RAYS 10, ROCKIES 7: Toby Hall and Tino Martinez hit homers in the seventh as the Rays win their fourth in a row.
By ROGER MILLS
Published June 13, 2004
ST. PETERSBURG - Years from now, sitting on a stoop somewhere in downtown St. Petersburg, some old geezer is going to talk about Saturday's game between the Rays and the Rockies.
And no one's going to believe one word of it.
By anyone's standards, that was one crazy ride.
The Rays once could not get a hit, then they could not miss. The Rockies fell behind by four and then surged ahead thanks, in part, to a grand slam in the sixth.
At one point, both teams combined for 11 runs on 15 hits and all of this before the seventh inning.
But in the end, the Rays prevailed 10-7 before 11,299 at Tropicana Field for their fourth victory in a row and 15th in their past 21, serving notice that the foibles may be a thing of the past.
"(Games like that) might get away in the past, but now, they are starting to come our way," Rays manager Lou Piniella said. "It's good to see that we're starting to win some of these games that in the past would go the other way."
Right-hander Rob Bell fell behind 1-0 in the first inning but quickly settled down to keep the Rockies off the scoreboard through the next four innings.
Bell had good reason to refocus. You see, Rockies lefty Shawn Estes, who had not won since May 18, was strangling the Rays, keeping them hitless through the first four.
But just when Estes seemed to be ready for a special night, the Rays came alive with a five-run fifth.
Toby Hall, whose two-run homer in the seventh gave the Rays a lead they wouldn't surrender, got Tampa Bay's first hit with a line drive to left. Tino Martinez, who also homered in the seventh, was then hit by an Estes pitch. Both moved over on Geoff Blum's sacrifice bunt. Robert Fick was then hit to load the bases.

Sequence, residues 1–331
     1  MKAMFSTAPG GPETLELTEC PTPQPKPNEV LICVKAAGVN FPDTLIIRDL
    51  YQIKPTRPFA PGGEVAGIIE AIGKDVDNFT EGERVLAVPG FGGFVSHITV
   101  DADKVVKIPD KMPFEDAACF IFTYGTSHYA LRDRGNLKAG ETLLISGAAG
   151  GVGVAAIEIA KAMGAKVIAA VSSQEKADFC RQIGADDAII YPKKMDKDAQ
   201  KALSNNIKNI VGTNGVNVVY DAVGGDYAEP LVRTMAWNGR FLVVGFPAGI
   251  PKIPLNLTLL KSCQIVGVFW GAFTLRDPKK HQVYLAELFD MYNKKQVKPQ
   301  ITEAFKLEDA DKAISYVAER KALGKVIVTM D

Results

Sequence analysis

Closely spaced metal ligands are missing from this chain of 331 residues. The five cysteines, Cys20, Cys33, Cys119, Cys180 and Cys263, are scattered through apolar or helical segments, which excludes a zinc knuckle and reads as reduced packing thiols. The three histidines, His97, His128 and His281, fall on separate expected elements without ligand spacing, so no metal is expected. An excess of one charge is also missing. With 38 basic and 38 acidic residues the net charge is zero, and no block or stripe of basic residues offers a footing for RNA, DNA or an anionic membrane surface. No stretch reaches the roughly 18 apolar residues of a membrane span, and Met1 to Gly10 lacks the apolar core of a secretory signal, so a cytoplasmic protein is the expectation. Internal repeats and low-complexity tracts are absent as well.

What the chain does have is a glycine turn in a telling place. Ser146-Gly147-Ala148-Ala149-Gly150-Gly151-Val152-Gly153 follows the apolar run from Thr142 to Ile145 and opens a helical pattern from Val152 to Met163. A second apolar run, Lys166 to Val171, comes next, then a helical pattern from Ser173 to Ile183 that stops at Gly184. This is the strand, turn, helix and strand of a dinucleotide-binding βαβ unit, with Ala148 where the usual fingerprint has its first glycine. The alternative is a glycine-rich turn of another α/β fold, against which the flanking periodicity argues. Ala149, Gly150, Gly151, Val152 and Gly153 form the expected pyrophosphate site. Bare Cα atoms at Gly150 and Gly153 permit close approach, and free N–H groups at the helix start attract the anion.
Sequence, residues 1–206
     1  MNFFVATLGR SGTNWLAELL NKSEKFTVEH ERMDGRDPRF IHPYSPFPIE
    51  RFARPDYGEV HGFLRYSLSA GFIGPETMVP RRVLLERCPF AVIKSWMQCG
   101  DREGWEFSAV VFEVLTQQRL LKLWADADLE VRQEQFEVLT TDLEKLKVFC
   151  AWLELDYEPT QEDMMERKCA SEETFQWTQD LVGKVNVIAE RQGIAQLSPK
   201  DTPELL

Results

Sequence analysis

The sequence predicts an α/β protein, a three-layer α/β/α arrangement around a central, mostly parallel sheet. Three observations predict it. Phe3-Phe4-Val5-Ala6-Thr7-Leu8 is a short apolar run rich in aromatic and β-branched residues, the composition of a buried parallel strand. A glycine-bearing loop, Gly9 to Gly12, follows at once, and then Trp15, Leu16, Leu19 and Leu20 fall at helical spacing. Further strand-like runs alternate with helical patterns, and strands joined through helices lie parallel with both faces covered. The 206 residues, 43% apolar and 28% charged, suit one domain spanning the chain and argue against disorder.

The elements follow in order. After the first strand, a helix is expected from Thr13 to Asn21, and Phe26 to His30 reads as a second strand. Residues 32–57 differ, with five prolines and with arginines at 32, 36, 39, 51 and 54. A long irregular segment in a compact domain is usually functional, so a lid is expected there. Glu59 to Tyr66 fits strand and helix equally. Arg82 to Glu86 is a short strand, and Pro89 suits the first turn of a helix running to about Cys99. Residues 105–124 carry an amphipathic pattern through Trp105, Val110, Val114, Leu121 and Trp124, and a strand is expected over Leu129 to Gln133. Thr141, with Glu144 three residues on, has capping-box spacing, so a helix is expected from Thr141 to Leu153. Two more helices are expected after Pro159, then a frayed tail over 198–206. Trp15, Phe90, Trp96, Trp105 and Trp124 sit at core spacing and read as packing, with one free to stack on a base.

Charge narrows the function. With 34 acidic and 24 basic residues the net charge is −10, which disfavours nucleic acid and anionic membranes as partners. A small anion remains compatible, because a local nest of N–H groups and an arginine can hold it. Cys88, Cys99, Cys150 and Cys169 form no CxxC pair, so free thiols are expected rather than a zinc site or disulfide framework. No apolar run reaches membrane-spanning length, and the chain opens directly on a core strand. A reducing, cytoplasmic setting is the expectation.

Rey Sanchez's run-scoring single tied it at 1, Julio Lugo drove in two more on another single and Aubrey Huff's broken bat blooper made it 5-1.
But how short was that celebration? Very.
Before jubilant fans could settle back in their seats, the Rockies had strung together two hits and a walk to load the bases and set up Matt Holliday's grand slam that sent Bell to the showers.
"It's tough to put your team in a situation like that," Bell said. "Emotionally, it's a little difficult for me."
In all, the Rockies scored six on six hits and two walks in the inning.
But these Rays aren't like their predecessors. These Rays seem to be heating up in direct proportion to the temperature outside the Trop.
Fick's run-scoring sacrifice fly cut the Rockies lead to 7-6 after six, paving the way for Hall and Martinez's back-to-back home runs.
"In that situation, you're trying to get a good pitch to hit," Hall said. "We have that feeling that every time we go out there that we're going to get it done and every day someone else is going to pick us up."
For insurance, Carl Crawford added another run-scoring sacrifice fly in the eighth to give the Rays a three-run cushion.
"The past week or so, we're scoring some runs," Piniella said. "We're showing that we can come back from behind, which is good."
And props go to reliever John Halama, who picked up the win and held the Rockies scoreless for the last three innings. After hitting Todd Helton with a pitch with one out, he induced ex-Rays third baseman Vinny Castilla to ground into a double play to end the game.
"The hitters deserve all the credit," Halama said. "It's taken a lot of pressure off the pitchers, knowing that we don't have to go out there and throw shutouts. We have to make pitches and if we give up a run or two, we're able to come back and score."